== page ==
‘Possibly the most important tools are acceptance and self-efficacy’, Wessa states. Acceptance means to consider those circumstances we cannot sway ourselves as given. Vladimir Putin’s actions or a new Corona virus mutation, for example. ‘Acceptance is often misunderstood as passivity’, Wessa says. ‘In reality, however, it enables us to make the best of a situation.’ If the mountaineer feels constantly aggrieved by his or her steep and coarse path, he or she will not get ahead. What helps a mountaineer in that situation is to adjust the climbing technique and to take one step at a time, to feel one’s way forward.

Feeling one’s way forward is the counter-part to acceptance: self-efficacy. This psychological term sounds a bit jargon-ny, but it describes an important source of inner strength: the conviction that we can carry something through. We may have little influence upon the course of the natural gas crisis. But we can learn how to save energy. We can access information, for instance on what kind of social security benefits we can apply for in case we are not able to pay our energy bills anymore. Or on what to do if there is indeed an electricity cut at some stage.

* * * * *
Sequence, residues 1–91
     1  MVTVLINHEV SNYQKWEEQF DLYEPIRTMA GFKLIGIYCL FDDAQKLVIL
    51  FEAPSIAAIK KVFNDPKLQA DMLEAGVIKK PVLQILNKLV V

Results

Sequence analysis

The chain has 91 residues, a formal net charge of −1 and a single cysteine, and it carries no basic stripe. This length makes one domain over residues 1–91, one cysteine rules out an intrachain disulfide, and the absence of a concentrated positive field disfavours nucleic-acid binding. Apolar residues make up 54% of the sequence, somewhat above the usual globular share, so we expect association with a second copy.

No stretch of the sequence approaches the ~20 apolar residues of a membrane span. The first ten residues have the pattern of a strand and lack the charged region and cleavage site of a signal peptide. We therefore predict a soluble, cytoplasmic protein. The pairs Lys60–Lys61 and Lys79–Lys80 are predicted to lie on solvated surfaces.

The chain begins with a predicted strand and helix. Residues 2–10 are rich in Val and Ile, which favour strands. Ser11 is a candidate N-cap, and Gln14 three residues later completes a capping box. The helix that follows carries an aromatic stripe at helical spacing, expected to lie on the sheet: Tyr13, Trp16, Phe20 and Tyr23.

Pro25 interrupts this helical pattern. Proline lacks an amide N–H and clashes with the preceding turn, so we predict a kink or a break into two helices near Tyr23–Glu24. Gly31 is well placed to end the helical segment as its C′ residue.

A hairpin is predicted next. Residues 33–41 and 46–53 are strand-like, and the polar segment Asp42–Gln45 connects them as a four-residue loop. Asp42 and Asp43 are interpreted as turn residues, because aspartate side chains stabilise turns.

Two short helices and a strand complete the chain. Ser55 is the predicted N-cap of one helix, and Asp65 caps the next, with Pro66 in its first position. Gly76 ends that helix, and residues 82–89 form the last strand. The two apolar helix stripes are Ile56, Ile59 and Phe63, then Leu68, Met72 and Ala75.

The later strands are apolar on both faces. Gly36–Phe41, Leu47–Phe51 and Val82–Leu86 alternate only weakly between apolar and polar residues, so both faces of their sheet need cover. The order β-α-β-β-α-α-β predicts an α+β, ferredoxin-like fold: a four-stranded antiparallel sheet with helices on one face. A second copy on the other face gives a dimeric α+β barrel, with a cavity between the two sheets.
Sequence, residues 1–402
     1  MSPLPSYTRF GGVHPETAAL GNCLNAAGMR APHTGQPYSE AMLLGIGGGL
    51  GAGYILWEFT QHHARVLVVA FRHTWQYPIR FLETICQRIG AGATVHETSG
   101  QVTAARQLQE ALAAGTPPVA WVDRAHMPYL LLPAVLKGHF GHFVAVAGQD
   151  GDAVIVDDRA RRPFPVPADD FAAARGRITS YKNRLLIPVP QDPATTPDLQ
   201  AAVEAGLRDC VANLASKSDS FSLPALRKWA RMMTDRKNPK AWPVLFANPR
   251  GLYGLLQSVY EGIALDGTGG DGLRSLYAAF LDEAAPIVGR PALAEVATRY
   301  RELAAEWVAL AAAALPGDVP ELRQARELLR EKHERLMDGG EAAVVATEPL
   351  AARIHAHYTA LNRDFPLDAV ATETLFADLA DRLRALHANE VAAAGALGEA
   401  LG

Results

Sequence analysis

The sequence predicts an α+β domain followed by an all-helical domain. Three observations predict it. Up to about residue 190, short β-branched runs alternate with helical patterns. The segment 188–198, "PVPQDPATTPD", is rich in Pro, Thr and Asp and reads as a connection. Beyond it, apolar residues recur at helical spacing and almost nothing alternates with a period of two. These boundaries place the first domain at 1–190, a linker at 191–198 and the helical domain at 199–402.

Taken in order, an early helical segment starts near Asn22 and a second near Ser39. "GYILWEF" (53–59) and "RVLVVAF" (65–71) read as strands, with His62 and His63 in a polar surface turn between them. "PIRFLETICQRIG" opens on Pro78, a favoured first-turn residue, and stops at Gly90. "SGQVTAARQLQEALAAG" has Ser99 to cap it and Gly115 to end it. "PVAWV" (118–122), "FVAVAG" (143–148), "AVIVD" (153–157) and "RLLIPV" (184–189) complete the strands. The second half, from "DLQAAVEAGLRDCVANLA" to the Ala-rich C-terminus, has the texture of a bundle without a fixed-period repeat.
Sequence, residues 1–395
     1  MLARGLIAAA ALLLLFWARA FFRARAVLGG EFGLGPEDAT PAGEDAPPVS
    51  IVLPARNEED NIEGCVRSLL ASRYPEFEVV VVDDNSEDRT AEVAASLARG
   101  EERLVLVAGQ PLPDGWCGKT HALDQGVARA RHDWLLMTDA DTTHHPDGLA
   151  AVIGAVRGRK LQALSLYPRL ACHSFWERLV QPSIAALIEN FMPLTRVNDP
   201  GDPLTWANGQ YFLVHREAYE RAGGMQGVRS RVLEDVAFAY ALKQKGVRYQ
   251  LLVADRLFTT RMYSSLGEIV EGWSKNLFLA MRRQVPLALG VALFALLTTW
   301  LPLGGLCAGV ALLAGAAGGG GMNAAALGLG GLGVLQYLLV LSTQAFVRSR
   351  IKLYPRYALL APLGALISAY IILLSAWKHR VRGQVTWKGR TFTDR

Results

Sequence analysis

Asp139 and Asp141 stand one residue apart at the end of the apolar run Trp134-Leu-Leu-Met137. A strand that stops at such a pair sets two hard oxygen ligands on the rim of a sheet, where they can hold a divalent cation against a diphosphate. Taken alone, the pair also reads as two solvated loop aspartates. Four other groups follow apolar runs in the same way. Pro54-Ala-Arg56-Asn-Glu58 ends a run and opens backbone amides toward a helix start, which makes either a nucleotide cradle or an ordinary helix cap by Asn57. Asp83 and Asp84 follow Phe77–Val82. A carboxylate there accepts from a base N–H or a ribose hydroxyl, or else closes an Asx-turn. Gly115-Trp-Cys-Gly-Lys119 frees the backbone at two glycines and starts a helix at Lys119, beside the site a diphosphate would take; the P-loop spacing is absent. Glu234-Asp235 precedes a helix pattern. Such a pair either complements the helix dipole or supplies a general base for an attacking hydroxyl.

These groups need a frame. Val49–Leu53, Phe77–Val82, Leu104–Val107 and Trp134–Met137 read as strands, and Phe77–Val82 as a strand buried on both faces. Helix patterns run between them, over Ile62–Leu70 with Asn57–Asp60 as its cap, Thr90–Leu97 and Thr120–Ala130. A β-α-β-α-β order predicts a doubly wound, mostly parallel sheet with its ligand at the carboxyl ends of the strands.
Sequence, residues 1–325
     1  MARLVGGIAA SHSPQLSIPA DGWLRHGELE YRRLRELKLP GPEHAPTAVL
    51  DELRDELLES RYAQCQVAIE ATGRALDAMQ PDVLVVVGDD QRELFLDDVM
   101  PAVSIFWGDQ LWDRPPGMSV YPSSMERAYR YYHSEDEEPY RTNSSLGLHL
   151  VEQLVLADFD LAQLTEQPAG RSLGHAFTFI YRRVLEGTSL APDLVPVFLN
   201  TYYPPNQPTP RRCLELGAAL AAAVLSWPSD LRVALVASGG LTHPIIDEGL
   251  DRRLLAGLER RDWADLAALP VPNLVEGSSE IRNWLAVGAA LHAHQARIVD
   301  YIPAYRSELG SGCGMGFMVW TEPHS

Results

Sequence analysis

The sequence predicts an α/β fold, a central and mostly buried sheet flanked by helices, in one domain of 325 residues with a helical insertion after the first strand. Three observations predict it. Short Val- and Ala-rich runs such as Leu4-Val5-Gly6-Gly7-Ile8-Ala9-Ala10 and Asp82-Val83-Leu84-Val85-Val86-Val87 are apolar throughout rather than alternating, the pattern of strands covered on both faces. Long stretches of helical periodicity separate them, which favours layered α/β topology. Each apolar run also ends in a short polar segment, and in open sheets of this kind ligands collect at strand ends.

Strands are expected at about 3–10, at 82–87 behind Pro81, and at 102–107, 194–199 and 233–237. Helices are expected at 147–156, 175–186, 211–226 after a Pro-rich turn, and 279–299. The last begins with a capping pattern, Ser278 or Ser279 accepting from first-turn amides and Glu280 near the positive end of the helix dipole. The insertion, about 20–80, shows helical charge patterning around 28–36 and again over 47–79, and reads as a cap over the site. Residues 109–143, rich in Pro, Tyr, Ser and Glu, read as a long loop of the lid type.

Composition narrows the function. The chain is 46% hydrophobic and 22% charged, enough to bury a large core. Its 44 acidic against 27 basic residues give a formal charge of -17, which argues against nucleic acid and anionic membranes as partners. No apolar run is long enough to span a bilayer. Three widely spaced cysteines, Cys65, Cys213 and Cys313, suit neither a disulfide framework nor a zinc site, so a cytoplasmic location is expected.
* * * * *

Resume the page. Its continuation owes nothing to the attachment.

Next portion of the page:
Such plans for the worst case scenario give is some extra security and assurance. Once you have made those plans, you should then hope for the best. ‘Also ask yourself what the best case scenario would be and what you could do to achieve it – even with small things’, Judith Mangelsdorf advises. That does not merely improve the acute situation. Optimism also strengthens your resilience in turn.

Activities that give relieve

But what to do if all hope vanishes between Covid, war news and monetary inflation? Then it can help to simply call a friend or relative. Community is a good protection mechanism in times of crises. It helps to have somebody listening to your worries. And if you cannot think of anyone? You still don’t have to stay alone with your worries. The Samaritan telephone service and other crisis lines can give you a first positive impulse. And they can be reached 24/7. Peter Annweiler, head of the Samaritans in the Palatinate region of Germany, says: ‘It might even be one of our strengths that we do not have the means to support people financially. Whoever calls us knows that all he gets is a chat. But while talking, new perspectives can emerge.’

Annweiler, who is also a protestant clergyman and systemic counsellor, avoids concrete advice on the phone: ‘There is not the one and universal advice that fits all.’ Instead, he searches for ideas together with the people calling him. The core question: What has helped you in the past, in previous crises? And how can you reactivate it?